1926 - 2020
Dominic ‘Mickey' Simonetta, 93, resident of Forest Park, Illinois for 60 years, passed away on April 24th, 2020. Beloved husband of Evelyn (nee Waters) for 54 years; loving father of Anthony (Nicki), Johnny, and Mariann (Chris) Beach; caring brother-in-law to Jean; devoted ‘Papa' to Richard (Lauren), Dominic (Brittany), Katie Beach, Cristiano, and Kelly Beach; proud great-grandfather to Viviana; fond uncle, cousin, and friend to everyone he met.
He was predeceased by his parents, Anthony and Caterina (nee Rondinella), his brother John ‘Bobby,' John Ginino, his sisters-in-law Maye Henry and Faye Carter, and Maria (nee Vaiti).
A strong man of faith and Chicago sports enthusiast with a remarkable sense of humor, Mickey was best known as a jazz drummer, percussionist, and educator.
Mickey expressed his love for his home in Forest Park, saying he would "not want to live anywhere else." He possessed a deep, devoted love for his family with concern and compassion for others. Those close to him will remember him for his sharp wardrobe, countless jokes and one-liners, along with that prominent smile.
Born an Italian American in Chicago in 1926, Mickey's interest in music originated after listening to jazz great Benny Goodman and was influenced by Gene Krupa and Buddy Rich and Frank Sinatra. During World War II, he played with the 130th Army Ground Force Band.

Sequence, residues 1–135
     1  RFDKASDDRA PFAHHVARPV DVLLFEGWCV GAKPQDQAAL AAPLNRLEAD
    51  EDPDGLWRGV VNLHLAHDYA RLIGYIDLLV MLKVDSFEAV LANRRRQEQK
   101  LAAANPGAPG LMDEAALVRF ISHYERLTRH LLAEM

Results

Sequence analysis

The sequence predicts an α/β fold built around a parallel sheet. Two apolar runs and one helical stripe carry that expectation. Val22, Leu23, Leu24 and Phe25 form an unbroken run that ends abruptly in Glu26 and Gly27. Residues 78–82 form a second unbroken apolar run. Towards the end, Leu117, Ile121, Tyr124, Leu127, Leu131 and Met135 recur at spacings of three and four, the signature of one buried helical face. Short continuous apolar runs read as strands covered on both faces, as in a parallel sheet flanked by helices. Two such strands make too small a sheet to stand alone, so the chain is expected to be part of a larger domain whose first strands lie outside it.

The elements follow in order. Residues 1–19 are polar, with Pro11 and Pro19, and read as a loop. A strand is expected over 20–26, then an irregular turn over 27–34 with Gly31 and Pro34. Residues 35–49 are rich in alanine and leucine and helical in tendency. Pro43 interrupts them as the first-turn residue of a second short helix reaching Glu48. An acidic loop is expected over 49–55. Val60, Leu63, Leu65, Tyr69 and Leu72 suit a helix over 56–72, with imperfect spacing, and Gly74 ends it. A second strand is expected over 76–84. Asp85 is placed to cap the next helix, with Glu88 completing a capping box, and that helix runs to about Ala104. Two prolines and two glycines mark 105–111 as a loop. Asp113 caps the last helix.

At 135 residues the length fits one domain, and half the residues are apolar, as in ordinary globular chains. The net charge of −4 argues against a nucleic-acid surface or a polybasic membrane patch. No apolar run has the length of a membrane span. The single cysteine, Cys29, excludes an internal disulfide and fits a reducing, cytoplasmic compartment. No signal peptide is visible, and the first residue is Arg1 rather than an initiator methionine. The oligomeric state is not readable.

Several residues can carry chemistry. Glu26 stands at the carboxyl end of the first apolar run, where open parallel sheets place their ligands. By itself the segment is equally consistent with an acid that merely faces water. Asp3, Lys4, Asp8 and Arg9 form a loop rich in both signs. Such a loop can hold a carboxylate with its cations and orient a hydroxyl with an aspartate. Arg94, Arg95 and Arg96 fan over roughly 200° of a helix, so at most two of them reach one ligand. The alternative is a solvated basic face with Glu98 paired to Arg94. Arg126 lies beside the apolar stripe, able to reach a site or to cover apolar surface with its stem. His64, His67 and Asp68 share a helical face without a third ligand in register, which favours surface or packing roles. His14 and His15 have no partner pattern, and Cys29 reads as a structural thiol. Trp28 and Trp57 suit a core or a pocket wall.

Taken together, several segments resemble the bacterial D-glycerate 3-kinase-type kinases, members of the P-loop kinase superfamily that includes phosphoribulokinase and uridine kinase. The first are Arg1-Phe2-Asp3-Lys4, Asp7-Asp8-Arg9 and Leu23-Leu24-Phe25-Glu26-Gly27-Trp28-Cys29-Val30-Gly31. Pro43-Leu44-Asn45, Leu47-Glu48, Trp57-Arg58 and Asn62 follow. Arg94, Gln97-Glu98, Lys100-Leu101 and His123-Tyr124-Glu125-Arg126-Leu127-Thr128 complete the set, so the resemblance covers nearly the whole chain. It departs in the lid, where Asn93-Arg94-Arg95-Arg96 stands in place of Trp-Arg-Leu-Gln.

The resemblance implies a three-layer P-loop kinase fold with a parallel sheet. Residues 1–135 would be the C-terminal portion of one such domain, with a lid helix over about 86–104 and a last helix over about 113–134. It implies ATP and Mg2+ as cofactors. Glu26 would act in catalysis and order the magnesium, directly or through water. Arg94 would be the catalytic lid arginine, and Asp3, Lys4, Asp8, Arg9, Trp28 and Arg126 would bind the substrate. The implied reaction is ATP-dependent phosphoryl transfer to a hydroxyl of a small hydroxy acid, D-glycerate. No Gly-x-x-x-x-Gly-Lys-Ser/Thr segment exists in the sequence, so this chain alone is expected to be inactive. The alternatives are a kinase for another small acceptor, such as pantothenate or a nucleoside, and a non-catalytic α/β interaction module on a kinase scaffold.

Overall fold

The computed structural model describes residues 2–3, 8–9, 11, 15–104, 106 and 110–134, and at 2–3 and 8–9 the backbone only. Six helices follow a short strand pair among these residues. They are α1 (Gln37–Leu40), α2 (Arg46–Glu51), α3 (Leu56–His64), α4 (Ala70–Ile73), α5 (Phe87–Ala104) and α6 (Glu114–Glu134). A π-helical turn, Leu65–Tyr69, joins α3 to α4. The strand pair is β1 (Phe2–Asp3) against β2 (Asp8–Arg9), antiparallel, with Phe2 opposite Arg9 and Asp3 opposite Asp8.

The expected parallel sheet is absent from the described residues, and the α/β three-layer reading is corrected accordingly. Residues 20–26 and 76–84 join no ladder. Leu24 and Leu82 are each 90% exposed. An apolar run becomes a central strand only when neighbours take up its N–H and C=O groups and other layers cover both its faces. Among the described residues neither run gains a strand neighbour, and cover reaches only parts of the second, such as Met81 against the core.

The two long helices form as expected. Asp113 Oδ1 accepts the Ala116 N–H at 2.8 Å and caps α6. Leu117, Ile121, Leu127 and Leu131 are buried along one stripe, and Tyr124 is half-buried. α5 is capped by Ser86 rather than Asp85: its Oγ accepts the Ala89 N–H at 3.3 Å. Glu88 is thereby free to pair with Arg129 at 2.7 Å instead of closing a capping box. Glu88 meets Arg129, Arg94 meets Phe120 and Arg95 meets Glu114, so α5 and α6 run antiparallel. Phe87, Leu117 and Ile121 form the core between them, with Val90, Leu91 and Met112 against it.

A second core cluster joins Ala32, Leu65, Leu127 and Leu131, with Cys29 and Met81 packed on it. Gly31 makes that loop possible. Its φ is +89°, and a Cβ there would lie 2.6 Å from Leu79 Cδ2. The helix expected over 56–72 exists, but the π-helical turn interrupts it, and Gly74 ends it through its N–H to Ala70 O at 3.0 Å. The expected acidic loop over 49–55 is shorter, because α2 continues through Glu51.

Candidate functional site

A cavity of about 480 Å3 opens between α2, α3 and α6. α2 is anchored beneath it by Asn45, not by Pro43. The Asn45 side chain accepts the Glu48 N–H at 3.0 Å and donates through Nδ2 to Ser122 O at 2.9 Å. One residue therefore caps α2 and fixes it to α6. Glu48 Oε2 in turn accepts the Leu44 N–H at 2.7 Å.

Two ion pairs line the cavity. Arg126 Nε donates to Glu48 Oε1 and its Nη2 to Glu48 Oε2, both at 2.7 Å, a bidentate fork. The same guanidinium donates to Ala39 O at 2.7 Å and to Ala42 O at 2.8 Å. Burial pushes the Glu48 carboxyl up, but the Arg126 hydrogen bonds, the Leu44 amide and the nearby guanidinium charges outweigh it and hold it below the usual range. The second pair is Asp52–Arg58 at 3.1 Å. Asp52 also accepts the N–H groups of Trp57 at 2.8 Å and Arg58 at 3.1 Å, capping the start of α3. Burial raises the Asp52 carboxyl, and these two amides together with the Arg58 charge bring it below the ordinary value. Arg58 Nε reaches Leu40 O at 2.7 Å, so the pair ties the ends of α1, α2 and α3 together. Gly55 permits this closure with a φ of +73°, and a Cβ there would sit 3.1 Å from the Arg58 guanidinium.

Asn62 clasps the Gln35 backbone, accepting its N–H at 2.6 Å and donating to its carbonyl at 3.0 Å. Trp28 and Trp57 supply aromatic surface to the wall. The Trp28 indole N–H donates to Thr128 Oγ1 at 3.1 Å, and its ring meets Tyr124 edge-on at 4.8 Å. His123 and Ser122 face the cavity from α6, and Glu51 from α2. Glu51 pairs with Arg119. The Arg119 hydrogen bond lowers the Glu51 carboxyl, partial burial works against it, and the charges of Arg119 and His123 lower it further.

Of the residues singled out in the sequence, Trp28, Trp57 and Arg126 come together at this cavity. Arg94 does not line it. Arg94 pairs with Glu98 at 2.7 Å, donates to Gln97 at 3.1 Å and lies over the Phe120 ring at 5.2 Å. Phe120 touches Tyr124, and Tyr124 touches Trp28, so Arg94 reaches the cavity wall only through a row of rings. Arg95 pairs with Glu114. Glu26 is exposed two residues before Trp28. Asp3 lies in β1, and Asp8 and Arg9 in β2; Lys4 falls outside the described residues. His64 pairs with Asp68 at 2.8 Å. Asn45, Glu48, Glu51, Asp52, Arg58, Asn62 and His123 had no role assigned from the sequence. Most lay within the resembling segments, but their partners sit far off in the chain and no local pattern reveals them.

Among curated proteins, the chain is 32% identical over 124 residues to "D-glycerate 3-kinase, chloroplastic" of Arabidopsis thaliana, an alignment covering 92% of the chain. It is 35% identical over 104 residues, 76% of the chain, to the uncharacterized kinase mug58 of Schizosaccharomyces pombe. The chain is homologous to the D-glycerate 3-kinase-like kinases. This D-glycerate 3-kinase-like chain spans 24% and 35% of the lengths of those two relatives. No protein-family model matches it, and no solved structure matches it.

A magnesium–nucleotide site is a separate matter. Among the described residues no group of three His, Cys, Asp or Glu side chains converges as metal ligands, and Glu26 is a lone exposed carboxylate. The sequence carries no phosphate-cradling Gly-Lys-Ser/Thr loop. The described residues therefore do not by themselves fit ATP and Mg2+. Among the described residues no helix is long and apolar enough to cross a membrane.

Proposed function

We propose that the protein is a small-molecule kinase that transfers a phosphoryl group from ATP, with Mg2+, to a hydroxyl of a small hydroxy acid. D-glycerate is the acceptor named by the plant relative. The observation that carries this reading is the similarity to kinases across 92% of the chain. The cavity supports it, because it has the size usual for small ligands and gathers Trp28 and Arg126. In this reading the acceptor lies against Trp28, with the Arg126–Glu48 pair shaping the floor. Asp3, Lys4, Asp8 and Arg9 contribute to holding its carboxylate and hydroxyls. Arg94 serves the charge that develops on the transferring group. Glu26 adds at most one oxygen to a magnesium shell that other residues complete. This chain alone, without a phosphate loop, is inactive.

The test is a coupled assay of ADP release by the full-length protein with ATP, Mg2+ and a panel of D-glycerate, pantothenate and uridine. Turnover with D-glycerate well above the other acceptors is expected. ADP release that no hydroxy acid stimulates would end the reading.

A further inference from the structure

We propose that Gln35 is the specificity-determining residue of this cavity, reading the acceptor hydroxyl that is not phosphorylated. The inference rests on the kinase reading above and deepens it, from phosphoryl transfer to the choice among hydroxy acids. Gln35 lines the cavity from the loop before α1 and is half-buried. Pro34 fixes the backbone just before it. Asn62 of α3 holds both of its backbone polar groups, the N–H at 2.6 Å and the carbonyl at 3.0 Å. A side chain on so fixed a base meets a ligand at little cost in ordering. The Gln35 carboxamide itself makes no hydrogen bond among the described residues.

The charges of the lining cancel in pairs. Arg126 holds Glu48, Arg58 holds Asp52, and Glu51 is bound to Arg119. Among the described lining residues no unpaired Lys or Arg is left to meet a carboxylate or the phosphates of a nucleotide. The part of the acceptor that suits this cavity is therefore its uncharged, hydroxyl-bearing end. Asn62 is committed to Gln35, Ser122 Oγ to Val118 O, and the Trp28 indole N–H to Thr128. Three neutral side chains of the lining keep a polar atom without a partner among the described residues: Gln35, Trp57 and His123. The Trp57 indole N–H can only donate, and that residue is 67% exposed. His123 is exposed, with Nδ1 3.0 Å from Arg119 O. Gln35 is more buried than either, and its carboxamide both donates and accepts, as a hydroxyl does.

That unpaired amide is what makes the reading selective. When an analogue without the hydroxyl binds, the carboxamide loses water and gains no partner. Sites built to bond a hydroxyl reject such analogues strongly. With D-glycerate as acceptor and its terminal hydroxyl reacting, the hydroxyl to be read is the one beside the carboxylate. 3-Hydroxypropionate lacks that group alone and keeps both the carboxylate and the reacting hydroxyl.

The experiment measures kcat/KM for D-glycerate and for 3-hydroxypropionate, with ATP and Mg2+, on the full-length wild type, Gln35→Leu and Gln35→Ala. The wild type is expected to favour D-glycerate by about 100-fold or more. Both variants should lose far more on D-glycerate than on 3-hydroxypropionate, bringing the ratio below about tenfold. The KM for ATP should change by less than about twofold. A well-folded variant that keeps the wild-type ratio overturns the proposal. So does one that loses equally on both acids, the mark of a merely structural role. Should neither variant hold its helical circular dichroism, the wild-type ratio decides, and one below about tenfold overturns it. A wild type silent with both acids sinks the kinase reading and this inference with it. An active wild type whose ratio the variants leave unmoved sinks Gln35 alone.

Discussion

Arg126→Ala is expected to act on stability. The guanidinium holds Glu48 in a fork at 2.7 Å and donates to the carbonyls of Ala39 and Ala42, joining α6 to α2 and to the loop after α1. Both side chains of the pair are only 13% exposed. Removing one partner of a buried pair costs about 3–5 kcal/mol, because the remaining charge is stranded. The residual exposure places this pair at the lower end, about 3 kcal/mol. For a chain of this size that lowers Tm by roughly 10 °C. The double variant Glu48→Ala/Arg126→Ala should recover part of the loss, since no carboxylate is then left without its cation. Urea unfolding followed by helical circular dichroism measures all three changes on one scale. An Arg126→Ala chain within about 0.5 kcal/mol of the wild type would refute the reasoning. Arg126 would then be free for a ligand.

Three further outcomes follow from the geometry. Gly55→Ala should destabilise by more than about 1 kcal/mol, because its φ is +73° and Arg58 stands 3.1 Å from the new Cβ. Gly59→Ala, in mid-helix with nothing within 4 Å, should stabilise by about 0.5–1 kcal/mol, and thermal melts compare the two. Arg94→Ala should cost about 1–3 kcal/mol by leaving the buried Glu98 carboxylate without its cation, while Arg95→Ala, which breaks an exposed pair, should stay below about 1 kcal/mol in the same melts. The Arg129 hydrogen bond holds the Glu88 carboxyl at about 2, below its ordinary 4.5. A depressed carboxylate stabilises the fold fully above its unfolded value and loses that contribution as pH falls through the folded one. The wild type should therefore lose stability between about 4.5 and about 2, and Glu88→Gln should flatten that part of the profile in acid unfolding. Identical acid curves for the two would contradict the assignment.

Later, he went on to study percussion instruments and harmony at the Midwestern Conservatory of Music. In 1955, Mickey toured Europe for five weeks with the Bill Russo Band. He received the Certificate of Esteem from the United States Department of Defense for volunteering his services.
Mickey began playing hotels, nightclubs and lounges while enrolled in the Music Education program at DePaul University. He recorded and played at the Blue Note with Lennie Tristano and worked with Earl Garner at the London House. For three years, Mickey disc jockeyed a jazz show for patients at Hines VA Hospital.
He played alongside jazz legends Stan Kenton, Woody Herman, and vocalist Andy Williams. Mickey also backed such comedic legends as Joey Bishop, Don Rickles, Bob Newhart, Buddy Hackett, and Jack E. Leonard at the Black Orchid Nightclub.
At Mr. Kelly's, Mickey recorded with prominent jazz vocalists such as Billie Holiday, June Christy, Anita O'Day, and Jeri Southern. In addition to playing on studio recordings and his original compositions, Mickey was named a top drummer in DownBeat magazine. He was also listed in the Encyclopedia of Jazz.
Due to his extensive knowledge in music education, Mickey started teaching for the Chicago Public Schools in 1960 after graduating from DePaul. He began his teaching career as a band director at Marshall High School before moving on to Steinmetz High School.
Mickey would finish his teaching tenure after 18 years at Lake View High School where he served as an inspiration for many music students. Throughout his time there, he amassed numerous Superior Ratings and All-Conference City Championship Awards. In 1987, he was recognized as the "Employee of the Year" at Lake View.
Throughout his career, he also taught countless local students and maintained a studio at Lyon & Healy. After retiring, Mickey was a substitute teacher at Morton East and Morton West high schools. At the age of 93, he continued to conduct private music lessons.
One of Mickey's favorite sayings was:
"It's nice to be important, but it's important to be nice."
A private burial is scheduled with a celebration of life at a date to be determined.
In lieu of flowers, memorials are suggested to Marshall and/or Lake View High School's music programs, your local school music program and/or your local PADS shelter.
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